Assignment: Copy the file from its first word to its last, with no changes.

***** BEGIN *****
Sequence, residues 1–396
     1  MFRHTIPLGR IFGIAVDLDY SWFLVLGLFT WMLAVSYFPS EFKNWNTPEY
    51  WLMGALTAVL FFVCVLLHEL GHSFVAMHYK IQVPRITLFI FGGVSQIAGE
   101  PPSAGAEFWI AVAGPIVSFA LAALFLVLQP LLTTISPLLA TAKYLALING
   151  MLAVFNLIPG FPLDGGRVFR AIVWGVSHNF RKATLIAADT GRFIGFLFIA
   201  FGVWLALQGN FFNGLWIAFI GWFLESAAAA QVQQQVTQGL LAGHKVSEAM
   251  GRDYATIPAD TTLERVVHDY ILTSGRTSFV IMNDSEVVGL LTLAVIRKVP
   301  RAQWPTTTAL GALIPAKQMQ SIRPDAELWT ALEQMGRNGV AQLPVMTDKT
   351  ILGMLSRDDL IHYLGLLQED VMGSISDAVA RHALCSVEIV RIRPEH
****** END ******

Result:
Sequence, residues 1–396
     1  MFRHTIPLGR IFGIAVDLDY SWFLVLGLFT WMLAVSYFPS EFKNWNTPEY
    51  WLMGALTAVL FFVCVLLHEL GHSFVAMHYK IQVPRITLFI FGGVSQIAGE
   101  PPSAGAEFWI AVAGPIVSFA LAALFLVLQP LLTTISPLLA TAKYLALING
   151  MLAVFNLIPG FPLDGGRVFR AIVWGVSHNF RKATLIAADT GRFIGFLFIA
   201  FGVWLALQGN FFNGLWIAFI GWFLESAAAA QVQQQVTQGL LAGHKVSEAM
   251  GRDYATIPAD TTLERVVHDY ILTSGRTSFV IMNDSEVVGL LTLAVIRKVP
   301  RAQWPTTTAL GALIPAKQMQ SIRPDAELWT ALEQMGRNGV AQLPVMTDKT
   351  ILGMLSRDDL IHYLGLLQED VMGSISDAVA RHALCSVEIV RIRPEH